Robert Mugabe, the former guerrilla leader who held onto power in Zimbabwe for 37 years until forced out by the military with the economy mired in crisis, has died aged 95, the country’s president announced Friday.
“It is with the utmost sadness that I announce the passing on of Zimbabwe’s founding father and former President… Robert Mugabe,” Emmerson Mnangagwa said in a tweet.
“Mugabe was an icon of liberation, a pan-Africanist who dedicated his life to the emancipation and empowerment of his people. His contribution to the history of our nation and continent will never be forgotten.”
First heralded as a liberator who rid the former British colony of Rhodesia of white minority rule, Mugabe used repression and fear to rule until he was finally ousted by his previously loyal generals in November 2017.
Mugabe had been battling ill health, and after his humiliating fall from office, his stamina seeped away rapidly. He was hospitalised in Singapore for months for an undisclosed ailment, Mnangagwa had confirmed earlier this year.
No further details were immediately available about the circumstances of his death, or where he died.
Former information minister Jonathan Moyo and a close ally of Mugabe tweeted “a dark cloud has enveloped Zimbabwe and beyond.”
Kenya’s President Uhuru Kenyatta said Mugabe served his country “with commitment and dedication.
“Words cannot convey the magnitude of the loss as former President Mugabe was an elder statesman, a freedom fighter and a Pan-Africanist who played a major role in shaping the interests of the African continent.
“Indeed, we will remember former President Mugabe as a man of courage who was never afraid to fight for what he believed in even when it was not popular.”
China hailed him as “outstanding national liberation movement leader and politician.
“Throughout his life, he firmly defended the sovereignty of his country, opposed foreign interference, and actively promoted China-Zimbabwe and China-Africa friendship and cooperation,” foreign ministry spokesman Geng Shuang said.
The Mugabe years are widely remembered for his crushing of political dissent, and policies that ruined the economy.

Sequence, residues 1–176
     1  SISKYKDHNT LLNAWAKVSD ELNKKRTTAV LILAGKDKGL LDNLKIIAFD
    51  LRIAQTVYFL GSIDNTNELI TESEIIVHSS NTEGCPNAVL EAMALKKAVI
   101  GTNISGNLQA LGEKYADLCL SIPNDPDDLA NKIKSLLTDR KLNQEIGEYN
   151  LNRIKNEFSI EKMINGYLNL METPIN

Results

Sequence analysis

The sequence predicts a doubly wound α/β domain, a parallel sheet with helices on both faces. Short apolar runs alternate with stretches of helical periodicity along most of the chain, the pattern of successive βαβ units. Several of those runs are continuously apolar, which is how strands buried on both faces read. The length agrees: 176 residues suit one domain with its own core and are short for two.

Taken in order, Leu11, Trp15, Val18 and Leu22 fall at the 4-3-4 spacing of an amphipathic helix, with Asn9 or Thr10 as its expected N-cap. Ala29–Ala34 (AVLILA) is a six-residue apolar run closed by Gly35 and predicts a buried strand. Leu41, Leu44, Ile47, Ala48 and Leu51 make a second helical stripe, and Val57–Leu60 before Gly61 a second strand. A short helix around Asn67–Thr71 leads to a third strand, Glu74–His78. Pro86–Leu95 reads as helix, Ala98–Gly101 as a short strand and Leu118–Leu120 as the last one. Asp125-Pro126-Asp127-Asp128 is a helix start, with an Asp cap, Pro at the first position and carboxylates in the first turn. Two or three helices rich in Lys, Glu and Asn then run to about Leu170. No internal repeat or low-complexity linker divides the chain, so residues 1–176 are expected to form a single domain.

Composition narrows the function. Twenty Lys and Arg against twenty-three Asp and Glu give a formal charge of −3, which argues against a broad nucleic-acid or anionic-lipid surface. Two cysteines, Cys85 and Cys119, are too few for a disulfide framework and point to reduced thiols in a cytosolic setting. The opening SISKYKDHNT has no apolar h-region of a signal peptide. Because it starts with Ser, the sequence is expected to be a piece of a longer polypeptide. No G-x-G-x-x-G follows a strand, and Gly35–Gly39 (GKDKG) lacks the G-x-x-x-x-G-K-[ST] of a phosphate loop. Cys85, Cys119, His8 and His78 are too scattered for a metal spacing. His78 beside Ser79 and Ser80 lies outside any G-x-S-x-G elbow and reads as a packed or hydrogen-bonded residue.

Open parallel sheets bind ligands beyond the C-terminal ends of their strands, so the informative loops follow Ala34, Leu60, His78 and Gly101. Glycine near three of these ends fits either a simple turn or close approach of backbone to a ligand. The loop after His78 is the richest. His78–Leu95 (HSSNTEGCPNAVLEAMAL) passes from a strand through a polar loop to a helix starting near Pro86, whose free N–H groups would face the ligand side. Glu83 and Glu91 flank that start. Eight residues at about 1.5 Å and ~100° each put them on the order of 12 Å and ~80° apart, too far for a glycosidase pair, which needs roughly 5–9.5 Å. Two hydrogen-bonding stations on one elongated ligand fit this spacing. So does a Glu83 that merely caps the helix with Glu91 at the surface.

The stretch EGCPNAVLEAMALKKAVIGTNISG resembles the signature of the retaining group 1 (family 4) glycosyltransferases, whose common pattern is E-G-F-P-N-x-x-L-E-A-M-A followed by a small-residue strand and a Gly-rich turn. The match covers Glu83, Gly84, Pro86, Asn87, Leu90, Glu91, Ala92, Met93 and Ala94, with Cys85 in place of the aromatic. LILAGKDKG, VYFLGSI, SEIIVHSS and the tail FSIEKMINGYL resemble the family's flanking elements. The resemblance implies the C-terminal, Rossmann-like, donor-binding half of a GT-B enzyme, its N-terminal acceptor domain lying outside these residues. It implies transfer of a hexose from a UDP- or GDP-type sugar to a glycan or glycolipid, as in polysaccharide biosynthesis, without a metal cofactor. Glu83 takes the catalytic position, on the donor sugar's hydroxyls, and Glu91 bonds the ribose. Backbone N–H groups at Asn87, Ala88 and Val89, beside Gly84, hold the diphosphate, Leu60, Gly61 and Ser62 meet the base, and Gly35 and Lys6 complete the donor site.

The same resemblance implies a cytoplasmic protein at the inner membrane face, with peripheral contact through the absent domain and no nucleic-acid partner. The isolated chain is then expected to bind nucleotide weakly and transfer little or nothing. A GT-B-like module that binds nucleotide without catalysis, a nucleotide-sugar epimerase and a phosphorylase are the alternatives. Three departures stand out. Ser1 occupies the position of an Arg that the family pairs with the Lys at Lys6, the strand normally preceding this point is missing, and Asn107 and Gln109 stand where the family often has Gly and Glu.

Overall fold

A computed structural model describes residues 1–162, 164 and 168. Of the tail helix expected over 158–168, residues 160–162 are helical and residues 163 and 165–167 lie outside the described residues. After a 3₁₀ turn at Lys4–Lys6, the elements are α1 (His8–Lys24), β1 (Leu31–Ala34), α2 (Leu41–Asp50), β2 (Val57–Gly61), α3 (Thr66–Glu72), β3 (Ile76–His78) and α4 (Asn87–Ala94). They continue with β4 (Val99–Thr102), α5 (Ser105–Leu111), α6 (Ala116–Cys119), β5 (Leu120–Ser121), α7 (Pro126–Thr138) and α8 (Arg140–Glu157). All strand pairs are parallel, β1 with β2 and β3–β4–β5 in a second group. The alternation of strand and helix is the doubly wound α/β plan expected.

The former political prisoner turned guerrilla leader swept to power in the 1980 elections after a growing insurgency and economic sanctions forced the Rhodesian government to the negotiating table.
In office, he initially won international plaudits for his declared policy of racial reconciliation and for extending improved education and health services to the black majority.
Human rights violations
But that faded as rapidly as he cracked down on opponents, including a campaign known as Gukurahundi that killed an estimated 20,000 dissidents.
The violent seizure of white-owned farms turned Mugabe into an international pariah — though his status as a liberation hero still resonates strongly in most of Africa.
Aimed largely at placating angry war veterans who threatened to destabilise his rule, the land reform policy wrecked the crucial agricultural sector, caused foreign investors to flee and helped plunge the country into economic misery.
All along, the Mugabe regime was widely accused of human rights violations and of rigging elections.
The topic of his succession was virtually taboo during Mugabe’s decades-long rule, and a vicious struggle to take over after his death became clear among the ruling elite as he reached his 90s and became visibly frail.
But as his health weakened, the military finally intervened to ensure that his second wife Grace’s presidential ambitions were ended in favour of their own preferred candidate, Mnangagwa, Mugabe’s vice president.
Mnangagwa took over in November 2017, and he went on to be elected in disputed elections in July last year.
“Mugabe leaves a mixed legacy,” Zimbabwean academic and independent analyst Austin Chakaodza told AFP on Friday.
“He was a liberator of this country who became its destroyer in his later years due to his policies.
“He put in place policies that made Zimbabwe a laughing stock of the world. If he had left in his heyday he would have died a great statesman.”
Ibbo Mandaza, the head of a political think tank Southern African Political and Economic Series, said: “We will remember him as a founding father along with (Tanzania’s Julius) Nyerere, (South Africa’s Nelson) Mandela and Joshua Nkomo.
“Unlike Nyerere and Mandela he stayed on. He would have had a much favourable obituary if he had left earlier”, he told AFP.